About 300 people attended the conference, which included a keynote by the FM radio host of “Democracy Now” Amy Goodman. She talked about her involvement in East Timor’s independence movement, actions against Shell in the Niger Delta, and holding vigil outside the prison when Troy Davis was executed. I participated in a workshop on torture, which, it was argued, is immoral, illegal under US and international law, and ineffective, often leading to false confessions, as DNA exonerations have shown. Evidence and confessions obtained under torture are not allowed in US courts, which may be the reason for military tribunals being held in Guantanamo. What is torture? Dick Cheney has said that waterboarding is not torture and, in any case, that torture is OK. In the afternoon, we were bused down to the White House, where we held a march and rally to free Filep Karma, imprisoned since 2004 in Indonesia for raising a flag in favor of Papuan independence. Other demonstrators were on hand in Lafayette Park, across from the White House, representing Iranian prisoners and anti-nuclear and anti-carbon emission positions.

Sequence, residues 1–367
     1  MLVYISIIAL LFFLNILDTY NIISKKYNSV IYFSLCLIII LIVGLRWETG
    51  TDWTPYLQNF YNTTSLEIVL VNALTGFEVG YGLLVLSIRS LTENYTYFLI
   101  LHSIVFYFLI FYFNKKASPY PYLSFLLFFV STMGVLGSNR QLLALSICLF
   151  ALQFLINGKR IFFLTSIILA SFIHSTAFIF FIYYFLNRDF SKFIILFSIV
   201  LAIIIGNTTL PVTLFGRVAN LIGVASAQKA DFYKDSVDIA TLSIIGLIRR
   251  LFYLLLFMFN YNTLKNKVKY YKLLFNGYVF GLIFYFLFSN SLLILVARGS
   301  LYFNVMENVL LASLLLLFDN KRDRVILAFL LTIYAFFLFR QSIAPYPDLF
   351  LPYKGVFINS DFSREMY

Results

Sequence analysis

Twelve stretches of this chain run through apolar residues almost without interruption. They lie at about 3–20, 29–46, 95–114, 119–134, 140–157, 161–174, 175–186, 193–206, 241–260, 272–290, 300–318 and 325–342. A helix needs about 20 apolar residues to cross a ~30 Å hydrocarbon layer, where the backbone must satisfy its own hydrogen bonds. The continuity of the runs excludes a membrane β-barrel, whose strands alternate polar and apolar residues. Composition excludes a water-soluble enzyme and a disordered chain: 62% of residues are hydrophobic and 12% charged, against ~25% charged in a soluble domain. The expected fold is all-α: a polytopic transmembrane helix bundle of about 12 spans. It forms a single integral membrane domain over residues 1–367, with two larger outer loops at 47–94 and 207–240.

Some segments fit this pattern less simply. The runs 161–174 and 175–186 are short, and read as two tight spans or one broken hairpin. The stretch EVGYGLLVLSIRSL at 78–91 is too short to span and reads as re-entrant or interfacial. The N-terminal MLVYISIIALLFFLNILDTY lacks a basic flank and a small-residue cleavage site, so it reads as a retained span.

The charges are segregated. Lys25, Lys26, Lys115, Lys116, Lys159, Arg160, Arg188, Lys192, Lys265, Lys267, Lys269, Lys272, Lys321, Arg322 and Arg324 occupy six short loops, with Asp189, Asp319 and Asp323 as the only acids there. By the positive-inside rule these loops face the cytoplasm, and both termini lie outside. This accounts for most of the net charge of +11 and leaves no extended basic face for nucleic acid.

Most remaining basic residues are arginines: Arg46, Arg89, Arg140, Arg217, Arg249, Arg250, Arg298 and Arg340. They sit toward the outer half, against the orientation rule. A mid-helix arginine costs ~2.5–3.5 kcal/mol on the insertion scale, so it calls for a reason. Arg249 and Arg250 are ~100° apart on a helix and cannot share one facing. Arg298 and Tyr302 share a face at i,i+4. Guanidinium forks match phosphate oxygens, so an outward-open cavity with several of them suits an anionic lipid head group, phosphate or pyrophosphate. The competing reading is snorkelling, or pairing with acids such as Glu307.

Although companies and individuals naturally want to maximize their income and profits and reduce their taxes vis-à-vis the rest of society, they will reach a point of diminishing returns if most fellow citizens become too impoverished to buy their products and services or to keep up with their public subsidies, salaries, and pensions (I’m thinking here of publicly funded payments and benefits for wealthy farmers and those in the upper echelons of public service, including elected officials). Unless the lower 99% have sufficient income to be taxed on or to spend, eventually there will be no “trickle up” and the top 1% will suffer too. A modest millionaires’ tax increase, which would help to slightly reduce the deficit and spur the economy somewhat, is not something that Republicans should categorically oppose as it would eventually rebound to the benefit of rich folks (their constituents), who are ultimately supported by everyone else. Henry Ford recognized that he had to pay his workers enough so that they could afford to buy his cars. Evolutionary theory posits survival of the fittest, but also reveals the importance of altruism in species survival.